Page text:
When does a craft become art?

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Georgina wrote
on Jun 13, 2008 1:02 PM

This is in response to the question "When does a craft become art?"

You know there is the scene from the movie History of the World with the cave man.

Art is when there is a critique. 

And yes sometimes we, the crafters, are the biggest critiques.


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MandyH wrote
on Jun 15, 2008 2:12 PM

 It could also be said that all craft is art.

After all, in knitting, the design is part of the process whether completed by the knitter or the designer. If it is a purchased pattern, whether in a magazine, book, pamphlet or on the internet, the design must sell itself or it would never become a completed garment/object. It must be attractive and tempting or the magazine, etc would not leave the shelf.

Art has an attraction. We all wish to go to an exhibition to admire the artwork / sculpture, etc. To me, a Textile exhibition is just as full of "art". I consider it Art, since each piece has usually been judged worthy to be hung, especially if is an important exhibition. Those critics again.........

I have managed to get my husband to come to some of the textile exhibitions I enjoy. He has always been very taken by the expertise shown and the quality of design. His passion is model engineering, making model aircraft and also working scale models of aero engines. I go along to a major engineering show each year. In return I am fascinated by the detail of work in the models I see. It is the textures produced in the metals which draws my eye every time.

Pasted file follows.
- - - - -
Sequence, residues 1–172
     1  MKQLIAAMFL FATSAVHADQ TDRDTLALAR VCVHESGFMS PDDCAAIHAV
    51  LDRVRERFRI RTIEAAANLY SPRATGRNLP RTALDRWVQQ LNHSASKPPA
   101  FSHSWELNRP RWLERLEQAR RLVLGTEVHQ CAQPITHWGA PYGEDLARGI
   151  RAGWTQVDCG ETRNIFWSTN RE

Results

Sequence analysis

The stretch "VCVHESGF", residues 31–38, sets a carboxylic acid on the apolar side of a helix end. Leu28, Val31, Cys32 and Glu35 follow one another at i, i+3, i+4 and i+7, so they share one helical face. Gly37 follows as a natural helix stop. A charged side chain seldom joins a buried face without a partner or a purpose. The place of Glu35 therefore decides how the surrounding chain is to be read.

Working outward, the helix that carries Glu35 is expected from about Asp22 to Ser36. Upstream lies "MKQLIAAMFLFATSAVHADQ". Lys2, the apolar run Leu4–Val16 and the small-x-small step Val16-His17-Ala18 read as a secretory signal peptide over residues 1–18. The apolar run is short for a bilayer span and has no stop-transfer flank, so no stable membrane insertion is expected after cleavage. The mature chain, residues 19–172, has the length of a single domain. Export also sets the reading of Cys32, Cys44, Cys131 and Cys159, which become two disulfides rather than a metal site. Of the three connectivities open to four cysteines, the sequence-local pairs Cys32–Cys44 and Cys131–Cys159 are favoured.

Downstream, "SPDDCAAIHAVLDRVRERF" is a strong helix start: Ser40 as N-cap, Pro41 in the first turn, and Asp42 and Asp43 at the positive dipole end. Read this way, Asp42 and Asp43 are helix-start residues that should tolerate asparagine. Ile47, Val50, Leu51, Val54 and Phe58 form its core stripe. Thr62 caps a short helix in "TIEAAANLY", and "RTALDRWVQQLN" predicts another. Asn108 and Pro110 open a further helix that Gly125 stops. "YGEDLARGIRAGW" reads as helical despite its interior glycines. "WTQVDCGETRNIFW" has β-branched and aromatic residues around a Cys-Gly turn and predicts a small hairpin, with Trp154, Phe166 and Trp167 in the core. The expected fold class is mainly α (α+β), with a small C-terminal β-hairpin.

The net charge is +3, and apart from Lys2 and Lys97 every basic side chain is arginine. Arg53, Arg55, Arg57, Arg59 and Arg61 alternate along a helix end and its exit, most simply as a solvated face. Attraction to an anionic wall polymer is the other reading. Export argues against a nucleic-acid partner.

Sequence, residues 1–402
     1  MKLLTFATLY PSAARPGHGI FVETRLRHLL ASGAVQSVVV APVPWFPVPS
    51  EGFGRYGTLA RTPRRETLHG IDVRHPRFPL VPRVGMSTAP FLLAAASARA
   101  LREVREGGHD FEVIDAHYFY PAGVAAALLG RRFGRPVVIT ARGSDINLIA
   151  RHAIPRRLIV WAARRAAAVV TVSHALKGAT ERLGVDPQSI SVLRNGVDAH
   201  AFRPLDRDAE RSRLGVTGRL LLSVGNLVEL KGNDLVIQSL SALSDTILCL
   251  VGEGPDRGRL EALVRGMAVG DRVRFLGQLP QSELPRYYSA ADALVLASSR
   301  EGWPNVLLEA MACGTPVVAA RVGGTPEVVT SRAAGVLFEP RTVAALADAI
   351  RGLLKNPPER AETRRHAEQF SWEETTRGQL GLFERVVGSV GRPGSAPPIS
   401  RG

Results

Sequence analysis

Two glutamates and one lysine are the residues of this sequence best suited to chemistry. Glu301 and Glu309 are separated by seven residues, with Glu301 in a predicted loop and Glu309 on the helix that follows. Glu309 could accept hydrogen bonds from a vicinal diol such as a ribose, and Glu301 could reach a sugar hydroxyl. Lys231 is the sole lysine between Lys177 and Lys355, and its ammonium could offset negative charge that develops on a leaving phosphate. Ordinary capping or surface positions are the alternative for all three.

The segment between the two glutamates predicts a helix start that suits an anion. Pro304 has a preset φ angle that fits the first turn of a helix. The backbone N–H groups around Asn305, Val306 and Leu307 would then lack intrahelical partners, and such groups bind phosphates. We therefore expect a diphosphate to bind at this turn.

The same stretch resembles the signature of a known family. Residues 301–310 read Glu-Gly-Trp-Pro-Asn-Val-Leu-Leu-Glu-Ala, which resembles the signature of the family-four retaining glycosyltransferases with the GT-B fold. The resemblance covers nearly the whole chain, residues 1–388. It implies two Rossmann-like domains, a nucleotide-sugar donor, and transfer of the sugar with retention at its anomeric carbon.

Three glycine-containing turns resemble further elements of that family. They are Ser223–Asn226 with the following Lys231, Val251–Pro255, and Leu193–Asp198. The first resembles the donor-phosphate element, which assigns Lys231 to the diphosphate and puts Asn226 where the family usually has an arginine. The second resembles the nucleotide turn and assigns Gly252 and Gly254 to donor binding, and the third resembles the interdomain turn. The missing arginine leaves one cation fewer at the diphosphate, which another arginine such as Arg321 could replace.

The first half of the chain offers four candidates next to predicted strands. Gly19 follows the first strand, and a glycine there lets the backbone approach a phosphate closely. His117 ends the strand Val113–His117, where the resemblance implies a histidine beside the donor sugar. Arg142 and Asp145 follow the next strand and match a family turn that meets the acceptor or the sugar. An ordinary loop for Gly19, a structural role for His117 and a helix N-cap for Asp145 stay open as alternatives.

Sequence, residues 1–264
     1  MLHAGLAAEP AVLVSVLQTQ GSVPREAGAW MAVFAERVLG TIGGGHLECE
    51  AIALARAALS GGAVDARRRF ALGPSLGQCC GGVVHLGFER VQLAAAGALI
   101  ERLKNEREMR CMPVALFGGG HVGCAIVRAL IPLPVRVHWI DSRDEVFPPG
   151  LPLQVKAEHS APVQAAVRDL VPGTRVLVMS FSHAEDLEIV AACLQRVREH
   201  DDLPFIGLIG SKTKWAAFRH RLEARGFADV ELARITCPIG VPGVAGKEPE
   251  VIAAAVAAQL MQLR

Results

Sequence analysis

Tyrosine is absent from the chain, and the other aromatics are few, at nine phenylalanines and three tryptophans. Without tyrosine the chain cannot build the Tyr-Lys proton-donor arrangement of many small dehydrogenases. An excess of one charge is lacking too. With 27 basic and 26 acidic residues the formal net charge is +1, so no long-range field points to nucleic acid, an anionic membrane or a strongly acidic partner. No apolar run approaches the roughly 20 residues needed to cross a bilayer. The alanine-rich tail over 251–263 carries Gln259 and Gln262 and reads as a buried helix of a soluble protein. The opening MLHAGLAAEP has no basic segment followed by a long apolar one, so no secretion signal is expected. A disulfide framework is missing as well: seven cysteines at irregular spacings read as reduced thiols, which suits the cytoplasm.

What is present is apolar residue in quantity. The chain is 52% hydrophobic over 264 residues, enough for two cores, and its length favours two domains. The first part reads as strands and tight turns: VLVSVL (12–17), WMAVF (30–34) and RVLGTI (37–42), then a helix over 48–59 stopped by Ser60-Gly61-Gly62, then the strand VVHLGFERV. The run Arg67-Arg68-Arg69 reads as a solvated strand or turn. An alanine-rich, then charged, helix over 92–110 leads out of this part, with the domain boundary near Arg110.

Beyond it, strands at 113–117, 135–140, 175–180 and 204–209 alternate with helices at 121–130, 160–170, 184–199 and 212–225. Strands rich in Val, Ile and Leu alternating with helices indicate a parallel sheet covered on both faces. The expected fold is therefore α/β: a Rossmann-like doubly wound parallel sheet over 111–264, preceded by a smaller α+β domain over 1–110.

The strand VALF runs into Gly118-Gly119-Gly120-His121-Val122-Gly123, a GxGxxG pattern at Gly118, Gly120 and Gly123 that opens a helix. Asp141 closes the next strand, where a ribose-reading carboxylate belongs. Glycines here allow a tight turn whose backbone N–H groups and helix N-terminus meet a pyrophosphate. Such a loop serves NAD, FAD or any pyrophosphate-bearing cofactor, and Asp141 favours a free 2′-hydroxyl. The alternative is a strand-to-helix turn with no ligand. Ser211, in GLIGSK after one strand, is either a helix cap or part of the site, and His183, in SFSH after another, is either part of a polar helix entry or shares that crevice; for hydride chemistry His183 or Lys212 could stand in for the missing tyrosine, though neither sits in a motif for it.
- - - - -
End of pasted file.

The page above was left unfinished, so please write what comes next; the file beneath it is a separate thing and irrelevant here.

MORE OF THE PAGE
Again, why is it that craft is not seen as Art. Is it that people see our craft of knitting as something they could do if only they had the time? Why should that decrease it's stature? Most crafts are useful, generally having an end purpose. But then so does pottery, sculpture, especially when it is made to be handled.......... It cannot be that crafts are mainly produced by women - we have quite a number of men now knitting, quilting, etc. There are many women artists out there too..........

Art is Craft and Craft is Art.

Mandy:)

 

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Just Jo wrote
on Jun 24, 2008 9:42 AM

 I so agree with you Mandy.  Who's to say that the person knitting a shawl or crocheting an afghan has any less artistic creativity than the person who paints a masterpiece, takes a beautiful photo, composes a piece of music, or writes a poem?  They all are art.  I wish they all got the same amount of respect.  I put my heart into my work when I crochet, and when the piece is done, I feel like it's a part of me.  Isn't that what art is all about-expressing who you are?

 

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MandyH wrote
on Jun 24, 2008 11:32 AM

 Well said! Just Jo, I do so agree with your comments.

Mandy:)

 

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ZassZ wrote
on Jun 25, 2008 1:38 PM